Kelly Knickerbocker – Colgate University, Hamilton,New York
Moving to a different country and attending a new university for the semester has been one of the best experiences in my life, but also one of the most challenging. Coming into this semester, I had very few expectations, but I did know one thing: I didn’t just want to be a tourist, I wanted to make Dublin (and Ireland) my home. Many of my friends who studied abroad previously expressed to me that one of their biggest regrets was that, while they had fun traveling around different European cities, they didn’t spend enough time trying to make their host city their new home. Having never been to Ireland, I wasn’t too sure about how I would make this happen, but I was determined to find out.
The first step towards making Dublin my home, that I can pinpoint, was made during my first weekend in Ireland. I was fortunate enough to go on a guided tour of The Liberties (my beloved neighborhood) with my study abroad program. We were introduced to several local shop-owners, all of whom were so excited to meet us and ask about our experiences in Dublin thus far. Our tour guides emphasized the importance of making these personal connections in our neighborhood, as well as the difference we could make in some of their lives by shopping local for our groceries (even if it was only 10 euro a week).
From then on, my friend Kelsey and I frequented some of these stores and formed invaluable relationships with our neighbors. One of the store owners, whose name is Michael, made a significant impression on me with his friendliness and genuine interest in our lives. Every Tuesday, Kelsey and I would wander down Meath Street to his fruit and vegetable store and shop for our weekly produce. There, Michael would inquire how our weekends had been, what our plans were for the week ahead, and even offer up a piece of fruit for us to try (free of charge)!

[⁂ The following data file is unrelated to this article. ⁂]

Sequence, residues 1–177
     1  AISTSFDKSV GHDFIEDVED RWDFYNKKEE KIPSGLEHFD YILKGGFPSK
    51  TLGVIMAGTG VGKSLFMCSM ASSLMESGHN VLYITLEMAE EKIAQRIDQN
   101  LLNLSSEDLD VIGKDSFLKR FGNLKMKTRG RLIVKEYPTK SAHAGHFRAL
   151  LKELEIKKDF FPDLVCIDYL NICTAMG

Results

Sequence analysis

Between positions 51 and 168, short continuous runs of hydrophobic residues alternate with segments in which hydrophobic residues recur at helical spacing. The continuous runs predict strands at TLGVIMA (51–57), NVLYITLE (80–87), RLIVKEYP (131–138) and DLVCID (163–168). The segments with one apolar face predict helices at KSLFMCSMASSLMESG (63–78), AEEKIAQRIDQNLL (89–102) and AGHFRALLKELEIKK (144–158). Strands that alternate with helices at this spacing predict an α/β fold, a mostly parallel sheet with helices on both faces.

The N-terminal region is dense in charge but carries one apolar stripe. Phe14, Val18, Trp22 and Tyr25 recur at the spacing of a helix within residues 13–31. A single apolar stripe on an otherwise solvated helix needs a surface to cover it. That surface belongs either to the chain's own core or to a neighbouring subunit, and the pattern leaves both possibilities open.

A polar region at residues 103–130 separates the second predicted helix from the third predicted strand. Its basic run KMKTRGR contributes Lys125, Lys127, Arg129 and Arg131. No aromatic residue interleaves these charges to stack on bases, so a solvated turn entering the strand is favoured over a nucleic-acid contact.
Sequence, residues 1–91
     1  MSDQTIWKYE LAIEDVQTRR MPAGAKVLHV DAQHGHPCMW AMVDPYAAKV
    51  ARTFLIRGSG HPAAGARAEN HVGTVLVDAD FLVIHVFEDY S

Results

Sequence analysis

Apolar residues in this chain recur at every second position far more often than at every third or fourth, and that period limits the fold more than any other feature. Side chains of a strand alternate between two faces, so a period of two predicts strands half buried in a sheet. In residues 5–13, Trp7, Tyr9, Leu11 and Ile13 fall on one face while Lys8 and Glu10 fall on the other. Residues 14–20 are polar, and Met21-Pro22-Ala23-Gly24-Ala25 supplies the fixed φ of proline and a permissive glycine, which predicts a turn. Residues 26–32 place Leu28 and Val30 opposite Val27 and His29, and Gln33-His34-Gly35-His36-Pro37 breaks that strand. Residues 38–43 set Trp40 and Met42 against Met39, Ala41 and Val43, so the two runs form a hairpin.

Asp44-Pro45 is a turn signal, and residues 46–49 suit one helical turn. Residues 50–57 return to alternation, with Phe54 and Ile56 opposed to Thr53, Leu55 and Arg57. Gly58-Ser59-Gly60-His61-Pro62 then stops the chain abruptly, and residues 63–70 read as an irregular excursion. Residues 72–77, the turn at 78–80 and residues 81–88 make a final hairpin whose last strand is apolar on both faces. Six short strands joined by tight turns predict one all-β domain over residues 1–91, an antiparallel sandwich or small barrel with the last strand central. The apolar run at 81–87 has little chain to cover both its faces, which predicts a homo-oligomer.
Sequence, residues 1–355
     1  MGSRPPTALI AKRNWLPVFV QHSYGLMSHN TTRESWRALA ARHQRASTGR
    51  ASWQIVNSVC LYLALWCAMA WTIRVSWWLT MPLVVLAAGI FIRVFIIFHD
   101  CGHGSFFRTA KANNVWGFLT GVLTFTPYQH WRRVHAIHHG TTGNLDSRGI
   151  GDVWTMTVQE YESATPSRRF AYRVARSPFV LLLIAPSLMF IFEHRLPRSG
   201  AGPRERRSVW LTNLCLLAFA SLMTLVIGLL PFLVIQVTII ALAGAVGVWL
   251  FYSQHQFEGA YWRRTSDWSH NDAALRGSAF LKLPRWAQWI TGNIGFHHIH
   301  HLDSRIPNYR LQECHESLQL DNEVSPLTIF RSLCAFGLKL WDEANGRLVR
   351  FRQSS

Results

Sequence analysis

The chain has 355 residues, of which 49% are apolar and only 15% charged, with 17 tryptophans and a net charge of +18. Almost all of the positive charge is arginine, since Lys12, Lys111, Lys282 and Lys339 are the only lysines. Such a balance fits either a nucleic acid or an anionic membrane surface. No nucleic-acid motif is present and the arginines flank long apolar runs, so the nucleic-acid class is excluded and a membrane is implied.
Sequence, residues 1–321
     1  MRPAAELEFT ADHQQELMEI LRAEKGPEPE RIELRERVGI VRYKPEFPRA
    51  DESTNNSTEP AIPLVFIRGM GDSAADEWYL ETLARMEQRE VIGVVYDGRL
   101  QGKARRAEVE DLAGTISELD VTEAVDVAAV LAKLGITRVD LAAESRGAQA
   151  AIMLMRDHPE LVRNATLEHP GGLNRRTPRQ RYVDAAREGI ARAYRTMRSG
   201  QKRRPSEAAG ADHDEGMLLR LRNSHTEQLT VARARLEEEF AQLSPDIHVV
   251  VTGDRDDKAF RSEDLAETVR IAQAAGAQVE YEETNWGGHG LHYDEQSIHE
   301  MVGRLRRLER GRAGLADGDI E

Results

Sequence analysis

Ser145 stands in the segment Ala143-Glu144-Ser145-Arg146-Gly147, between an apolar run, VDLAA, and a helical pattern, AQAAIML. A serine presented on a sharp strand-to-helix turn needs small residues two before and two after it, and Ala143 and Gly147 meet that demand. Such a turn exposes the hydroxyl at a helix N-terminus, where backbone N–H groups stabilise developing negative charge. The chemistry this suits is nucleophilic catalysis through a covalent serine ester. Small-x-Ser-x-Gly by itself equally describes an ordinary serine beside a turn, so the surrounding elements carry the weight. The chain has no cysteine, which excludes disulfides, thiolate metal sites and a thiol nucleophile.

It was connections like these that made me feel like Dublin, and, more specifically, The Liberties, was my home. In people like Michael, I found a second family, and this has made my study abroad experience more fulfilling than I could ever imagine it to be.
I am writing this second blog while treating myself to a hot chocolate at a café across the river from Ireland’s immigration office. Today is the day I will (hopefully) officially be able to call Dublin my home away from home! Despite not having the official paperwork, yet, Dublin has certainty begun to feel like home as I have gotten into a rhythm of classes, sport practices, chilling at Binary Hub, and wandering around town with friends.
Words and Photos by Michaela Vitagliano, Visiting Student Blogger
Like many of you, I’m not someone that delights in change and its accompanying uncertainty. But naturally, deciding to study abroad for a year is a decision that is greeted with unknowns and uncertainties. After almost a full year here, I can definitely say most of my worries – Will I like Ireland, will I make friends, will I find things to do here that I enjoy – were for naught.
The Campanile of Trinity College is one of the most iconic landmarks on campus.
As a freshmen engineering student, I was told that it would be very difficult for me to spend a semester abroad, especially after I decided to pursue a double major in computer engineering and computer science. I’ll admit, after I saw all the courses I would be required to take to graduate, I wasn’t sure whether I would be able to go abroad and still graduate on time. Luckily, during the fall of my sophomore year, I had an amazing professor who told me all about his time doing internships and getting his degrees in Paris and Beijing, and it gave me the jolt I needed to start planning a semester abroad for myself. Here’s what I learned while I was preparing for my semester at Trinity:
One of the best ways to both integrate and make friends at Trinity is through societies. At the beginning of the year, Front Square was teeming with colourful stands, goodie bags, and joyous voices as each society tried to reel in a dazed looking student. Naturally I joined way more than I should have; emptying out my change purse in a flat twenty minutes. Each society handed me a card, all with different student discounts ranging from burritos at student prices to free entries at clubs.